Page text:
From: Philippe Verdy (email@example.com)
Date: Sat May 17 2003 - 13:53:25 EDT
From: "Kenneth Whistler" <firstname.lastname@example.org>
> Second, code points are not *serialized* into code units.
> Serialization is an issue for encoding schemes, and is the
> serialization of the code units into byte sequences. Again,
> see Chapter 3 of The Unicode Standard, Version 4.0 for all
> the details.
You don't need to quote it, I hae already read it fully. Whatever you think code units are first defined for usage in memory, but the concept of "memory" is quite vague in Unicode, and in all modern OS'es, it is also a storage format (on disk, because of VM swaps), so memory storage is really and already a serialization (even if it is not seen immediately from the application code that uses these memory cells in a "grouped" or "aligned" way).
Why would transmission be restricted to use bytes units ? In fact we could as well find further steps, because addressable 4 bit memory also exists in microcontrolers and this requires another ordering specification for nibbles. There also exists transmission interfaces that never work on byte units but only on unbreakale 16 bit or 32 bit entities.
The distinction between code units and bytes is quite artificial in the Unicode specification (it just corresponds to common usage in microcomputers, and forgets the case of microcontrolers and mainframes or newer architectures that never handle data by byte units), so I think that the new distinction between encoding forms and encoding schemes is also artificial and assumes a microprocessor-only architecture.
So I think it was an error to define concepts that do not exist in the ISO definition of encodings, and Unicode builds a classification of encodings by its own using distinctions that in practice are not necessary or assumes illegitimately a processing model. So I think that the idea of code units and encoding forms is just used as an internal way for Unicode only to define the steps necessary to produce the real/concrete encoding schemes.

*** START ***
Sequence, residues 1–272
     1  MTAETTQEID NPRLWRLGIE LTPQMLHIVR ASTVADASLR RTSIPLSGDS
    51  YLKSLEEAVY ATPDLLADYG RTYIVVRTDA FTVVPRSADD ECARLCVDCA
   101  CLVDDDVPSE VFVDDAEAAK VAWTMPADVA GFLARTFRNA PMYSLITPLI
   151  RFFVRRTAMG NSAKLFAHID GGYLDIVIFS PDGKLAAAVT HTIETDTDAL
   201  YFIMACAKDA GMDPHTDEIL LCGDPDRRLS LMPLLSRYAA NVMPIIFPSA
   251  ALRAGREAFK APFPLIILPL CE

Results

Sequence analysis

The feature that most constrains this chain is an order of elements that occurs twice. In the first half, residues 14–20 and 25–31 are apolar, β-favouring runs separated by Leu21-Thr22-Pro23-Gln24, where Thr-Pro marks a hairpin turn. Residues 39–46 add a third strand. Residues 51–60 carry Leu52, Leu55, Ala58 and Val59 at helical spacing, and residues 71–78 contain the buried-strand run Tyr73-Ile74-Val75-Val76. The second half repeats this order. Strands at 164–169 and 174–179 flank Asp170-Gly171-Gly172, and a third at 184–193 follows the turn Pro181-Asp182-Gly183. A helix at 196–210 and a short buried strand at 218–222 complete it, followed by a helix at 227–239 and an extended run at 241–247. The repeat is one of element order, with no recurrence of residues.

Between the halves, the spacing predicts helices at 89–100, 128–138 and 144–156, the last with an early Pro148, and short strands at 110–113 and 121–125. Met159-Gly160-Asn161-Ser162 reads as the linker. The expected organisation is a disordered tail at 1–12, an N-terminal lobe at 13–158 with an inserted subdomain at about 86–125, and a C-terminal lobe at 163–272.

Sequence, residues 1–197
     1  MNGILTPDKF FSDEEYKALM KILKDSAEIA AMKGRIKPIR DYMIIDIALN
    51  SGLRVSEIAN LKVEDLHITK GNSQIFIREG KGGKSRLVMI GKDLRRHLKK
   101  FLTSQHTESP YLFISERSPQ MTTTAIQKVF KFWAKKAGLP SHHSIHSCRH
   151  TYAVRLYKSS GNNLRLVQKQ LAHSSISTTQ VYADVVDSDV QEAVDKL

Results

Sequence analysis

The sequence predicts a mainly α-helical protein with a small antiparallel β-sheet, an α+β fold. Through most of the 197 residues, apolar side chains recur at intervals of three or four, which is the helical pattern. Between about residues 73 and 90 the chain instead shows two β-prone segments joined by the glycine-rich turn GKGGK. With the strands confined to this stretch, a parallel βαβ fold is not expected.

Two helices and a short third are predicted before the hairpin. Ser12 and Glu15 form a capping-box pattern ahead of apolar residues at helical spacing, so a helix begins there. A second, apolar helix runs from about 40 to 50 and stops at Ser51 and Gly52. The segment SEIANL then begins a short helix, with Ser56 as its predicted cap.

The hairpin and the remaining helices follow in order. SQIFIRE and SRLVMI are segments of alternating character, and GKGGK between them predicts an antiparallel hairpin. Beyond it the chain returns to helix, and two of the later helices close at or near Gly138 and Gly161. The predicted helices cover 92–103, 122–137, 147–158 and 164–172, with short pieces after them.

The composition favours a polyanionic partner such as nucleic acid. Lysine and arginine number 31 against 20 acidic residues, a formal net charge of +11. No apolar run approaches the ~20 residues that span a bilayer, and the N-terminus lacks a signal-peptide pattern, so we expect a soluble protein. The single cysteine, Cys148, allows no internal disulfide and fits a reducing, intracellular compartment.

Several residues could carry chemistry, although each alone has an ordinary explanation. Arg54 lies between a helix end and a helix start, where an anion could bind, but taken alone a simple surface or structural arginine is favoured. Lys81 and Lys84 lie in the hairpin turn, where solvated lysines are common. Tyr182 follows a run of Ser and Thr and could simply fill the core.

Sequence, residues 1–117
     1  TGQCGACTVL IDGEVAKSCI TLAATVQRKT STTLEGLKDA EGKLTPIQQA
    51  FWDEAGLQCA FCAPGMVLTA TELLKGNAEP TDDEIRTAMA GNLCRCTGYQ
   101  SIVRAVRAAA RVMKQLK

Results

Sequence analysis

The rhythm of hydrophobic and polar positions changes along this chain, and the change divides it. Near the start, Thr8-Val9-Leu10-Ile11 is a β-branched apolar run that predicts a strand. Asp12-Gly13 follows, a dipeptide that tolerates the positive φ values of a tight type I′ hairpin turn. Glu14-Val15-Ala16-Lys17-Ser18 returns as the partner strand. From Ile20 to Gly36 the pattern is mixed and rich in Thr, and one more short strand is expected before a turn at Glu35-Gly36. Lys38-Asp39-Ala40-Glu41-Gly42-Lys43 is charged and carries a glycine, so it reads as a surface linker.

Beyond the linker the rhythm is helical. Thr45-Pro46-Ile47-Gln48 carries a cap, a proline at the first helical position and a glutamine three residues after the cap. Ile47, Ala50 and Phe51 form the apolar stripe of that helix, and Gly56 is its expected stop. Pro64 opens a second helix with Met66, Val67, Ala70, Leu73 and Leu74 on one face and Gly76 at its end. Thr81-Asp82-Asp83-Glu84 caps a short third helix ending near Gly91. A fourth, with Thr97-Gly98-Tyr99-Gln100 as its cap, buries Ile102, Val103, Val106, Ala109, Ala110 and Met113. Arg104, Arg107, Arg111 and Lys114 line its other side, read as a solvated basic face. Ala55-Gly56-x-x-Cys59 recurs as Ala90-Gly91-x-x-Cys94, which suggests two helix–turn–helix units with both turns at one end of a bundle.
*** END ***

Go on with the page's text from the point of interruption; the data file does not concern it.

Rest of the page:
Even if you think about the final UTF-8 CES (encoding scheme), it may not be enough for transmission on networks or in other protocols, and mechanisms like ISO2022 may further apply encoding steps to make it fit with 7-bit environments (or even lower: just think about the IDNA encoding which uses a very restricted set of encoding values with only 37 symbols for compatibility with existing DNS specifications).
> > One could argue that all *precisely defined* legacy character
> > encodings (this includes the new GB2312 encoding)
> As Doug pointed out, Philippe probably means GB 18030 here.
> GB 2312 is an *old* character encoding standard. It was published
> in 1981.
Sorry for the exact reference I could not immedately remember the exact number so I used the term "new GB2312", because GB18030 is a natural update of the past GB2312 and the informal intermediate proprietary encoding formats that where added by Microsoft on top of GB2312 without real agreement (so there were some incompatibilities between different vendors trying to implement these extensions, that GB18030 fixes in its standard, by endorsing the most common practices).
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